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'But That's Not What I Meant' : Intention v Impact in Conflict


This week, 'Therapy Begins with T(ea)' steeps on navigating conflict by considering both intention and impact through the 1+1=3 framework & offers a body based check-in to practice holding both in the body while staying regulated & connected.


intention impact conflict in relationships

Therapy Begins with T(ea) is a weekly newsletter based on the themes that come up in my sessions as a therapist who specializes in conflict & attachment styles in romantic relationships, imposter syndrome, and our psychological relationships with money. Each week consists of a 'steep' in thought reflection, an accompanying body based check-in, and tea card intentions for the week to come. Its intended use is for educational purposes only and is not a replacement for individualized medical or mental health treatment.




'Steep' in Thought (3-5 min)



But That's Not What I meant!

Chances are you’ve heard that before. And, just as likely, you’ve said it before too. Our words (and our actions) have meanings -- that ‘s’ there is intentional. In relationships, meaning isn’t solely dictated by the speaker/doer nor is it only interpreted by the person receiving it; they co-exist. And that’s why considering both intention and impact is so necessary in navigating conflict.



1 + 1 = 3 in conflict

Relationships defy basic math. For a couple/duo, 1 + 1 = 3. That’s an integer for each individual and one for the relational dynamic itself. Each one of the 3 have (sometimes conflicting) needs, expectations, histories, and ways of making meaning. If two people in a relationship only take their meaning into account (either the intent or the impact), no one is holding space for what it means to/for the relationship. It’s considering intention and impact that allows us take a step towards each other and repair a conflict.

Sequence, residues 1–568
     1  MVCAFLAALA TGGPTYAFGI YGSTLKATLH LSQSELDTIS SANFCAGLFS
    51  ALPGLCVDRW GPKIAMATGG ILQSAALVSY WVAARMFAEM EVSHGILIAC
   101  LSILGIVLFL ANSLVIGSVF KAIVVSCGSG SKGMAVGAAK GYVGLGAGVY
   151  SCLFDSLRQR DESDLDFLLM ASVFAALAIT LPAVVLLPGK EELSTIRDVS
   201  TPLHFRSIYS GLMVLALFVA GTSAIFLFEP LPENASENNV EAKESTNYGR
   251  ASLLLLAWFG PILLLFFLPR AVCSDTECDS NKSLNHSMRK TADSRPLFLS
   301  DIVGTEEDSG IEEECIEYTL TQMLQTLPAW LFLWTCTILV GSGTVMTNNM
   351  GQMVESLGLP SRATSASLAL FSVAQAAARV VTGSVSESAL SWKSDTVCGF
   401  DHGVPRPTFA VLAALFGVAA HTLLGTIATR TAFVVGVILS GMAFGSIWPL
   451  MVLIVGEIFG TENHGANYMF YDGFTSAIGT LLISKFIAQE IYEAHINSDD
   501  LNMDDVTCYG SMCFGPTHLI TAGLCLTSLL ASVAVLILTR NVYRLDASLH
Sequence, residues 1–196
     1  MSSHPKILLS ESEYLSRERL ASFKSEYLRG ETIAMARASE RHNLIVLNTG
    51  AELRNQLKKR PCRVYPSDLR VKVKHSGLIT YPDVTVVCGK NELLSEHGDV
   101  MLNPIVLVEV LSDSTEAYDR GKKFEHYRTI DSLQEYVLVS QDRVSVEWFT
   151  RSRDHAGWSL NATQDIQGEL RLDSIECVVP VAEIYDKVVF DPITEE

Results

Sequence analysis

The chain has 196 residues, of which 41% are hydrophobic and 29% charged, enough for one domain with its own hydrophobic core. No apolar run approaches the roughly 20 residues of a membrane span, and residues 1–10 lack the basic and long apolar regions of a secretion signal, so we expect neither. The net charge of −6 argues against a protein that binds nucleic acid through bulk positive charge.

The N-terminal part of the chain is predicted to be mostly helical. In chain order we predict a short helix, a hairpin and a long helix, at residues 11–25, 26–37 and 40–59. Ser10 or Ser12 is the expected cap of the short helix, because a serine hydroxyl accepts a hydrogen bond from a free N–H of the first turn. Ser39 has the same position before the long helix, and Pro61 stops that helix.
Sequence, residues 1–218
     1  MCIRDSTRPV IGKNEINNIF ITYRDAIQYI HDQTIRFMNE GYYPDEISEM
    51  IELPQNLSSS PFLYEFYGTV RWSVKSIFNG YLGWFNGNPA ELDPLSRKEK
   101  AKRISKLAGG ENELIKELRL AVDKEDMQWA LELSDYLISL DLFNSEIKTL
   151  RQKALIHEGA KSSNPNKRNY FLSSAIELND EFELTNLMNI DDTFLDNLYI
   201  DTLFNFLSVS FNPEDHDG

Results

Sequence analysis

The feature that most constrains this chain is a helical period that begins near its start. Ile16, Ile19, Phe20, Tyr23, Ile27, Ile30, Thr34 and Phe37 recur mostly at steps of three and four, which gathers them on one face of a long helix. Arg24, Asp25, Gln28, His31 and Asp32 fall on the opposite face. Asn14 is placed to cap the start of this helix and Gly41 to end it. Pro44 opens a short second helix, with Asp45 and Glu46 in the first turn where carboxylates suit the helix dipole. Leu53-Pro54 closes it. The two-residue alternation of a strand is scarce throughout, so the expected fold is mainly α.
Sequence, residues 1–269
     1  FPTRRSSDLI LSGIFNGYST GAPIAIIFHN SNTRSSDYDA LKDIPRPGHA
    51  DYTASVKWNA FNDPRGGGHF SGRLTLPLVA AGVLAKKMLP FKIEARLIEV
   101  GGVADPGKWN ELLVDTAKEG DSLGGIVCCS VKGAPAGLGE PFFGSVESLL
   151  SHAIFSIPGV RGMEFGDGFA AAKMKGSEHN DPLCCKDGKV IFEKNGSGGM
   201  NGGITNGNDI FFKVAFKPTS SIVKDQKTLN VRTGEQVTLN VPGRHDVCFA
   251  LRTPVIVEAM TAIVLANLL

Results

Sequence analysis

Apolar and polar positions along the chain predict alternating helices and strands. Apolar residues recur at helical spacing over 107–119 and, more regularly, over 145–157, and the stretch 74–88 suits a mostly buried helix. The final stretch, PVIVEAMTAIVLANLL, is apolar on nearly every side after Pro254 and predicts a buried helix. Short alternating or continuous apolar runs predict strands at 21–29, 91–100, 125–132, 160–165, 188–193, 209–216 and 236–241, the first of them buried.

We have to let the meanings co-exist -- assigning right and wrong only results in a standstill (or lingering resentment). It’s also not about blaming or having to ‘pay the price’ for the negative meaning a person interprets from your well intentioned words/actions. Meaning is rarely (if ever) objective. But, if we can understand each other’s (subjective) experience, we can find common ground, and we can then use that to negotiate on behalf of the relationship’s wellbeing without entirely sacrificing our own.


Use this week’s full body check-in to practice holding both intention & impact while staying regulated and connected in the body.






Full Body Check-In (2-4 min)




Connect to your breath. In through the nose, out through the mouth in a sigh. Let it be all you focus on for a moment. Let your breath connect your mind with your body.



When you’re ready, explore a recent conflict. What stance did you take, intent or impact? Remember what you were feeling. As you feel it again, check in with your body. What comes up? Do you feel more activated or shut down in this feeling? More afraid or dejected? What is the unmet need coming up?



Now, breathe out, releasing the feeling. Gently wiggle your fingers, toes, & body to help let it go. On your inhale, invite images, memories, and feelings that remind you of the warmth and curiosity you feel towards this person in general.


Step into their shoes -- where were they coming from in this conflict? You don’t have to agree. Understanding their stance doesn’t make yours wrong or any less valid. What is the unmet need that might’ve come up for them?



Connect back with your breath. In slow, out slower.



What is the common ground in this conflict? Is it empathy? Is it a need for closeness? Autonomy? Deep care? As you breathe in & out, identify what connects you & the other person in this conflict.


Check in with your body. Notice how it feels right now. When we feel grounded, safe, & connected, we have better access to our resources -- like clarity, empathy, negotiation. Try to get to this place in or soon after a conflict to help you work on the repair.





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